Finding confidence through art

Athena Duran

Lingua’s Pop Up Art Gallery features student talents

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Harper Steinbach, Nathan Bennett and Sammi Ledbetter enjoy the different art that Lingua’s pop-up offers. For many, this event provided an opportunity to share ideas with each other. Christopher Hendrickson | The Falcon

A pop-up gallery revels in spontaneity and immediacy; a quick snapshot into complex operations.

Senior Lauren Olson, editor of SPU’s Lingua, finds value in pop-ups, because they help establish an artistic community wherever they spring up.

She believes in creating “space where artists can engage, connect, and for [people] to have an outlet of expression.”

At SPU, she hopes that pop-up galleries will help instill within students the confidence to share their art. It is important to “find a space where they feel comfortable with themselves at SPU,” Olson said.

Senior Hannah Hislop, design editor for Lingua, can attest to the welcoming spirits of the arts.

Being part of the Lingua team gave her a way to be involved in an art-centered student leadership position while serving a community that has helped her find her voice.

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Artwork was displayed throughout the SUB, causing many to swing inside for viewing. Christopher Hendrickson | The Falcon

“Sometimes as a queer student I don’t feel like I belong at SPU, in particular settings,” she said. “I do, however, very much feel like I belong in the creative community here, and the art center has been a safe place.”

The Student Union Building’s gazebo room was cleared on Wednesday, Jan. 17, to make way for SPU artists such as Hislop at Lingua’s “Pop Up Art Gallery.”

Juniors Harper Steinbach, Sam Trevino and Landan Earley had the opportunity to present their work alongside videographers Hislop, junior Geneva Lehnert and senior Julianne Cubacub.

Steinbach used an old closet door and an old cutting board as her two mediums.

“I just walk around and find things that people have thrown away and decide to use them because I think they are beautiful textures to work with,” Steinbach said.
In one of her pieces, Steinbach was inspired by a friend of hers who had graduated from SPU. She found meaning in the confidence her friend embodied.

“I really love working with confident women and I think she was confident in ways that we don’t usually expect from feminine presenting people,” Steinbach said. “I also thought she was a confident member of the queer community at SPU. I liked her energy.”

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Geneva Lehnert and professor Doug Thorpe discuss the creativity of the pieces before them. The event brought together people from across campus, and gave many an opportunity to share their talents and abilities with those around them. Christopher Hendrickson | The Falcon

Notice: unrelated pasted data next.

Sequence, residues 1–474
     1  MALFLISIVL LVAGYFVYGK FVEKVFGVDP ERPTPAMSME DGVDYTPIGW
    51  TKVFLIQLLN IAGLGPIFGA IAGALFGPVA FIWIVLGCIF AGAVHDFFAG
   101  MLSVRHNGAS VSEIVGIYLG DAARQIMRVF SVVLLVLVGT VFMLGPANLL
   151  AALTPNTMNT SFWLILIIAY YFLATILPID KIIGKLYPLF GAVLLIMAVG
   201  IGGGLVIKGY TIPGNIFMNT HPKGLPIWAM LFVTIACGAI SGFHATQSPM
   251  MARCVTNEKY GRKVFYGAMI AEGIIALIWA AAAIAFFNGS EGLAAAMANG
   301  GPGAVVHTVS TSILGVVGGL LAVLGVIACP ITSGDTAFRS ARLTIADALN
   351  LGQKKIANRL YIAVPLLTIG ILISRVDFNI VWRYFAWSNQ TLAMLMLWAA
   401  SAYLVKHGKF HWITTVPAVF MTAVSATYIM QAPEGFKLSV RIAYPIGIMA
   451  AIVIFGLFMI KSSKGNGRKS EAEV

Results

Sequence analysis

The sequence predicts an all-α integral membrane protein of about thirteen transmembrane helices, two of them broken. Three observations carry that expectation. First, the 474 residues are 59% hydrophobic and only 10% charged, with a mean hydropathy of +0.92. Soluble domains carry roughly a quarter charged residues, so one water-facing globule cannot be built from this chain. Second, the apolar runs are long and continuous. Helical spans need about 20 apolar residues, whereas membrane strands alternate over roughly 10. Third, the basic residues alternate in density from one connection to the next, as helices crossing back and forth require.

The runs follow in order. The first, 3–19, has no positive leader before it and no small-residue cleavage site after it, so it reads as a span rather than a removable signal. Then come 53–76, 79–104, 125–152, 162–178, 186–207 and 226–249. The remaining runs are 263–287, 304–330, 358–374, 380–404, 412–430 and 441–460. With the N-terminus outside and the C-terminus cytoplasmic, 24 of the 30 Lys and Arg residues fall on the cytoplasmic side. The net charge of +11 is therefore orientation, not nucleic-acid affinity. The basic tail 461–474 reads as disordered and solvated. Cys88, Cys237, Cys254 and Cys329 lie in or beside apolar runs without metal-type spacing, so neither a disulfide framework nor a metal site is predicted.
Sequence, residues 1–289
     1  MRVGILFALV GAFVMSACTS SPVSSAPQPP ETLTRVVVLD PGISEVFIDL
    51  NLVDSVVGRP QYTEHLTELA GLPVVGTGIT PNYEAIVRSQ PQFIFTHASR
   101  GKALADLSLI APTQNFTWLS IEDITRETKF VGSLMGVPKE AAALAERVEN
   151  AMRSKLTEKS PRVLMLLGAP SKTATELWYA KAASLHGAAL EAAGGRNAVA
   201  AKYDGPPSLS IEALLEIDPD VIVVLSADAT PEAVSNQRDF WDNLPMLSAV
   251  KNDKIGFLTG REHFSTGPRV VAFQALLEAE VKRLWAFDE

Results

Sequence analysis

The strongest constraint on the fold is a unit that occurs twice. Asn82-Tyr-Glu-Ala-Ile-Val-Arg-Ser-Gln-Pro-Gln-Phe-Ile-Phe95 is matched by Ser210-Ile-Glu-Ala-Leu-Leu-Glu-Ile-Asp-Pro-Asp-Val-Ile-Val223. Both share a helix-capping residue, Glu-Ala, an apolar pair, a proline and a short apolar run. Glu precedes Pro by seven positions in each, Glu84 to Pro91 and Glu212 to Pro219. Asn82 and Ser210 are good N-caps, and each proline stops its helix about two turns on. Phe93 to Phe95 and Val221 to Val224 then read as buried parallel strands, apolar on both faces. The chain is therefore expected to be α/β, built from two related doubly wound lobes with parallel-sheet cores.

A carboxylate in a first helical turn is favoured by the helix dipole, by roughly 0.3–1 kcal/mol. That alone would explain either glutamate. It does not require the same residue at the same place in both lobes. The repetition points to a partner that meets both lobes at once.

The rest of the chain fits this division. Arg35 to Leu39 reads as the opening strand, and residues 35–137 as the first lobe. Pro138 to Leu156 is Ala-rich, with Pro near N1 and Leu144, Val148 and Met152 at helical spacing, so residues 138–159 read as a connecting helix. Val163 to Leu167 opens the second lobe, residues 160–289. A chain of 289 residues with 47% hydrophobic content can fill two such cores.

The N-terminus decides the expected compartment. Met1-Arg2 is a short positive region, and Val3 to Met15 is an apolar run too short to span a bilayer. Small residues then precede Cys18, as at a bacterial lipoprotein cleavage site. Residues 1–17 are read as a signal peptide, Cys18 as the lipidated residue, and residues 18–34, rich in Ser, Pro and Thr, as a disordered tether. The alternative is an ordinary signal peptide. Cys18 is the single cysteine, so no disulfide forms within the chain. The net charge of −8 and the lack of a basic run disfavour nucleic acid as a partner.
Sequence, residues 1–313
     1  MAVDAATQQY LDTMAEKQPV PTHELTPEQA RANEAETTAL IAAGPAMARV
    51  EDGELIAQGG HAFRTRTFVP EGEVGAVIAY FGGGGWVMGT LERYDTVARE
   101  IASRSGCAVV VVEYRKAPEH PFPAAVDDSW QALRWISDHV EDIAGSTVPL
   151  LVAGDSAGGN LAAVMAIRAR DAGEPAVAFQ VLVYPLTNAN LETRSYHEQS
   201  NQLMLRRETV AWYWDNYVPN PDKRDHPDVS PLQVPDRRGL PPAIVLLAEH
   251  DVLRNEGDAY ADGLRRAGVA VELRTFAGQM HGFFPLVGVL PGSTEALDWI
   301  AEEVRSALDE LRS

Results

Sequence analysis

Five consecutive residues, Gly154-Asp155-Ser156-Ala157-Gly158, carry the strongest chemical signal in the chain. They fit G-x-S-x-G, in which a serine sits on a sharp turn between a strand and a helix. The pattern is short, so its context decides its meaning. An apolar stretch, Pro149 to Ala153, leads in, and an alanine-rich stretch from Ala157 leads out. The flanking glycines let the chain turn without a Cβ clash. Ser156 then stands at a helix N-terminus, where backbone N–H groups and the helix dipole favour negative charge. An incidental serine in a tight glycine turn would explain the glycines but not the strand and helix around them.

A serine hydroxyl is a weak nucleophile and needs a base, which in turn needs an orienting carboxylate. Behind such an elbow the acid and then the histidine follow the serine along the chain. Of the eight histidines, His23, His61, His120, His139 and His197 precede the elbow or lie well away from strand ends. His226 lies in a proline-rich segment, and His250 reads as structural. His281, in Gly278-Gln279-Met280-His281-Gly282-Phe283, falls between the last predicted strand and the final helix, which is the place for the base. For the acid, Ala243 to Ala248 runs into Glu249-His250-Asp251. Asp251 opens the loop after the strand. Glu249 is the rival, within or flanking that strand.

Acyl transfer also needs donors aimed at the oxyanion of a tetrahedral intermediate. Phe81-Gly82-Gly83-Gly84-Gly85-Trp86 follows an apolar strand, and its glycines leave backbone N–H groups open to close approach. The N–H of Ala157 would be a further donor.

During the pop-up gallery Steinbach welcomed guests over to a small corner table where she did illustrations of them in the caricature style.

She loves talking to people as she draws and is interested in how people react to different styles.

“I think Lingua helps showcase student art that isn’t design. Pop-ups like this emphasizes the quality of artists we have at SPU,” Steinbach said.

A projection slideshow was set up along the back wall of the SUB, featuring six student made videos on loop.

The pieces were made during an experimental video class in the fall of 2017.
Students were able to integrate original footage they shot themselves with footage from open source websites.

Hislop decided to focus her project on her own gender and titled her video “A Meditation of Womanhood.”

“I used some home videos. I used text as my main source of narrative, instrumental music, very contemplative and meditative,” Hislop said. “I look at the home videos and remember how free I was from societal expectations. I asked myself, who am I if I am not [what society pegs a woman to be].”

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One of Lingua’s main goals this year is to reach a broader audience of students at SPU. Christopher Hendrickson | The Falcon

One of Lingua’s main goals in hosting a pop-up gallery is for the space to be open for all students to interact and collaborate artistically; however, Olson acknowledges the challenges in reaching students outside the arts department.

“It’s hard to be comfortable enough to present [your work],” Olson said. “There are many students from outside departments that do art, whether that be poetry or painting. Everyone has their different styles.”

Lingua puts out a quarterly zine to allow students to present their work in a professional platform as part of a quarterly effort to engage with the entirety of SPU.
Poetry in the fall zine, which were distributed at the pop-up gallery, showcases a variety of students of different majors.

“We’re trying to get a wider reach of students,” Olson said. “Anyone can submit their work.”

The deadline to submit to the Winter Zine is Friday, Feb. 16.